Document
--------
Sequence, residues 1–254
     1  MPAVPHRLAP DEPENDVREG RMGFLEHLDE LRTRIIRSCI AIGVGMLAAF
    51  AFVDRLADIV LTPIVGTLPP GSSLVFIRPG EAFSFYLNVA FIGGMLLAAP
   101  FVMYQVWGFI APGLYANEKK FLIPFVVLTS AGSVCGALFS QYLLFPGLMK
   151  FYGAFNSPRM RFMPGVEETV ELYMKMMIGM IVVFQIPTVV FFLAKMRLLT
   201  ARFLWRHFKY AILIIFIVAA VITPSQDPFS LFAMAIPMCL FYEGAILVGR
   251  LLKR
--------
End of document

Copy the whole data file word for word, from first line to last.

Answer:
Sequence, residues 1–254
     1  MPAVPHRLAP DEPENDVREG RMGFLEHLDE LRTRIIRSCI AIGVGMLAAF
    51  AFVDRLADIV LTPIVGTLPP GSSLVFIRPG EAFSFYLNVA FIGGMLLAAP
   101  FVMYQVWGFI APGLYANEKK FLIPFVVLTS AGSVCGALFS QYLLFPGLMK
   151  FYGAFNSPRM RFMPGVEETV ELYMKMMIGM IVVFQIPTVV FFLAKMRLLT
   201  ARFLWRHFKY AILIIFIVAA VITPSQDPFS LFAMAIPMCL FYEGAILVGR
   251  LLKR